Has Not Been Able To Win Apple Yet
Going forward, monetization would be the key to survive in mobile environment and it appears, as of now, the company is entirely focused on traffic and user growth and ability to monetize the improved mobile traffic is not a top priority. Although the company's strategy is not entirely flawed but growth without any revenue generating ability is not something to get excited about either. While Yahoo wants to be big in mobile, the company is not innovating enough and is still without any go to product, device, or OS. The company depends on other names like Google (GOOG, GOOGL) and Apple. While Yahoo has hoped to tighten its relationship with Apple by making Yahoo the primary search engine used throughout iOS and has even improved its technology in this regard, the company as of now does not seem to be in a position to become a default search engine in iOS any time soon. Moreover, with its strategy to work together with other companies Yahoo will not be able to carve out its own niche.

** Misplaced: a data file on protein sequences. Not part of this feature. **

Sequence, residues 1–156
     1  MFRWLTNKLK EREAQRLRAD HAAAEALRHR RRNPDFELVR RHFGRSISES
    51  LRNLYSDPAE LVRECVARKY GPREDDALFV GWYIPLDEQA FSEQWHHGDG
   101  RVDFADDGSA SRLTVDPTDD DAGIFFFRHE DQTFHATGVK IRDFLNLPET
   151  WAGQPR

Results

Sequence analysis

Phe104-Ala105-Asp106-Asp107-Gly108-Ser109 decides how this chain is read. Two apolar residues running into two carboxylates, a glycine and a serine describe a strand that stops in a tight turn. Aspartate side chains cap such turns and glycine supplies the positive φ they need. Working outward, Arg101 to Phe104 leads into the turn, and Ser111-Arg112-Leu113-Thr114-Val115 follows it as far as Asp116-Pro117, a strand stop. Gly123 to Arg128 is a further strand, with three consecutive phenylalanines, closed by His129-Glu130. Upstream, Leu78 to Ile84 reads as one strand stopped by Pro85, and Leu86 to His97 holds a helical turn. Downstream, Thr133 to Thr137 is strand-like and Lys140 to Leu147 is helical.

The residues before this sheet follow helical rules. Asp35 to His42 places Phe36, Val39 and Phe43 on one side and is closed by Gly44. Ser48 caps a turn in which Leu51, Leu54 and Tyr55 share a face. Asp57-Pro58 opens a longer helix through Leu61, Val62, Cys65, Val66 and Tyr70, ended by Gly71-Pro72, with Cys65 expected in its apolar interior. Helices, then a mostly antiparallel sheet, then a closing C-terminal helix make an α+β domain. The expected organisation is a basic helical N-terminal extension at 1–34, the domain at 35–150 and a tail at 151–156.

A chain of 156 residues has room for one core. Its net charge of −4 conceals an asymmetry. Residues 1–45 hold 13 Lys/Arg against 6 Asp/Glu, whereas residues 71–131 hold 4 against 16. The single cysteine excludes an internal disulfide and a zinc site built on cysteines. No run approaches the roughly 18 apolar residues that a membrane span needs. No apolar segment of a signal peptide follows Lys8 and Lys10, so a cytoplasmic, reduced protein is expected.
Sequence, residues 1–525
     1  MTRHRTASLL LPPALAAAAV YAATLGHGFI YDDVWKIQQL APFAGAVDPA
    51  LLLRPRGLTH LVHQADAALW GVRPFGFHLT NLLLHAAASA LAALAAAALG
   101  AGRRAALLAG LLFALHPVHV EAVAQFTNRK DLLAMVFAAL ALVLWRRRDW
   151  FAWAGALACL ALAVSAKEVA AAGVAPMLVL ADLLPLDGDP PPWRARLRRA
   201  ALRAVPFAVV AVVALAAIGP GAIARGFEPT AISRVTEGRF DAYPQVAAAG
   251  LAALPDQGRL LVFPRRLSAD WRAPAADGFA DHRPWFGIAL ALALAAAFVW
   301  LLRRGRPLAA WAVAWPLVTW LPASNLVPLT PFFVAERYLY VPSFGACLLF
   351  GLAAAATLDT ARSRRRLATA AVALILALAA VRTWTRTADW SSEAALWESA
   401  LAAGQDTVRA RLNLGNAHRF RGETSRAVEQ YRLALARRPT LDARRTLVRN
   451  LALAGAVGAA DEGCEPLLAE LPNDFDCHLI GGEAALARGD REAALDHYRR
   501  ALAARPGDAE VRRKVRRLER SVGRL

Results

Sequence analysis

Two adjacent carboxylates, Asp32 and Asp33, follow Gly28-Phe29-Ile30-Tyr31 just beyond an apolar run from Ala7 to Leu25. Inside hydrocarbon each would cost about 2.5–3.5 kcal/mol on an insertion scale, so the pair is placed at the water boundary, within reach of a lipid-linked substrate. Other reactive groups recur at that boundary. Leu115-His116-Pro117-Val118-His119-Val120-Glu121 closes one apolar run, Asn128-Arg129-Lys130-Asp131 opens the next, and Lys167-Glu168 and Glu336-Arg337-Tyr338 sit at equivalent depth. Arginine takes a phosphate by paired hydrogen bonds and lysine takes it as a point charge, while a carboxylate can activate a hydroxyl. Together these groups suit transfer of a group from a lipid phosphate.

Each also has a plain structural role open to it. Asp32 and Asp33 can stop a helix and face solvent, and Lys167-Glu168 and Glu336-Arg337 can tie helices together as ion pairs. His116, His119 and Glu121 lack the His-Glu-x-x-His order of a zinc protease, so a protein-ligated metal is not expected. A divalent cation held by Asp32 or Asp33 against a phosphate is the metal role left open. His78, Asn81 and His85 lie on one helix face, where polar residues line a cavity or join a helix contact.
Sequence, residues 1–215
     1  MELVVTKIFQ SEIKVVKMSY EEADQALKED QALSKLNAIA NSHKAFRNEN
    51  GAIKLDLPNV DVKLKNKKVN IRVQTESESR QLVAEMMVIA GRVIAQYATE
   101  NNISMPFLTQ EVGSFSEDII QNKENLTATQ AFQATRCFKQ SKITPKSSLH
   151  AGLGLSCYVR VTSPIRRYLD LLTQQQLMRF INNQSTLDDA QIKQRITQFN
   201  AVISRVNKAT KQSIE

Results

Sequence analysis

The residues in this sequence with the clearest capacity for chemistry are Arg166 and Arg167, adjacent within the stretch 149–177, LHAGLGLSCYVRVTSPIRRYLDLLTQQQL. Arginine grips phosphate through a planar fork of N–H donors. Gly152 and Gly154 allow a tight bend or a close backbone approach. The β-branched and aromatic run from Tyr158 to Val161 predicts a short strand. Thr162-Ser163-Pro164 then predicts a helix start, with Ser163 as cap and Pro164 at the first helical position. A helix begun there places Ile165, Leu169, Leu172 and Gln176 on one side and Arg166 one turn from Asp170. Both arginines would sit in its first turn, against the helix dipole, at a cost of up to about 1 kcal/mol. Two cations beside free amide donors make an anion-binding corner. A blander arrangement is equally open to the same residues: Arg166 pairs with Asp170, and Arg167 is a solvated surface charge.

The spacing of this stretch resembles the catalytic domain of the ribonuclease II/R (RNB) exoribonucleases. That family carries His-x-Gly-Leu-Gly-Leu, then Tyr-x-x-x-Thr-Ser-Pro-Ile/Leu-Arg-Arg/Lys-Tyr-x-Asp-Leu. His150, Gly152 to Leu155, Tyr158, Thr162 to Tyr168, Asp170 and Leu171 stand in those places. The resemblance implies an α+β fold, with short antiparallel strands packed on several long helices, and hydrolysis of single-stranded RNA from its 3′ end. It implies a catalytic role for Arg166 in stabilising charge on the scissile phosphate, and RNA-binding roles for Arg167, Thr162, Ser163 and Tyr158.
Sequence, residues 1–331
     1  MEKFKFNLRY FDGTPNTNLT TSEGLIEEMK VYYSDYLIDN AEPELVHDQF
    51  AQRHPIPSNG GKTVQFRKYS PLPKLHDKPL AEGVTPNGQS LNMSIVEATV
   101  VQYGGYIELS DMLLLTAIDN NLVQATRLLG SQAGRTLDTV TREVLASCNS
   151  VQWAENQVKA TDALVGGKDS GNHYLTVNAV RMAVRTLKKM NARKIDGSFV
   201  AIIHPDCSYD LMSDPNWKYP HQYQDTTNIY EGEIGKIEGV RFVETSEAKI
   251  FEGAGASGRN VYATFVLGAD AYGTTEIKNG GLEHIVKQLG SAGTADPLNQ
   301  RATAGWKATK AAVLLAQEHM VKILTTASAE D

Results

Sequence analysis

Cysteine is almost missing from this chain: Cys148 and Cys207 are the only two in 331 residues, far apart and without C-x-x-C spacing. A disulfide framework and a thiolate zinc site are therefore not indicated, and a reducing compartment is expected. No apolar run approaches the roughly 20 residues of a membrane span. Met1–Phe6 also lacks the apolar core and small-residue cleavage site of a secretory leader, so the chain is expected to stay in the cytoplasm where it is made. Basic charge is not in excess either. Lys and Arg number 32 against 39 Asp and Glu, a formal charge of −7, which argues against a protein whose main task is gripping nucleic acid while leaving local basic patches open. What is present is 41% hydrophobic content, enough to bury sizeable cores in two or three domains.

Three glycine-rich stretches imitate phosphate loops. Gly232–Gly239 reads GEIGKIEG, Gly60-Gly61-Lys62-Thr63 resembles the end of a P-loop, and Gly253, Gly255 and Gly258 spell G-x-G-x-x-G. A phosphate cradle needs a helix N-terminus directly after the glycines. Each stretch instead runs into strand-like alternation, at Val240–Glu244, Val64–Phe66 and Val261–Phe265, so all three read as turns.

Steps In The Right Direction But Are They Enough?
The company has launched many new platforms recently to enhance its ad buying experience. In order to achieve simplicity, Yahoo has put all of its advertising under one head, Yahoo Ad manager, so that advertisers can easily shop inventory from all the platforms from one place. Moreover, the company has also launched Yahoo Gemini to facilitate advertisers to buy across search and native advertising.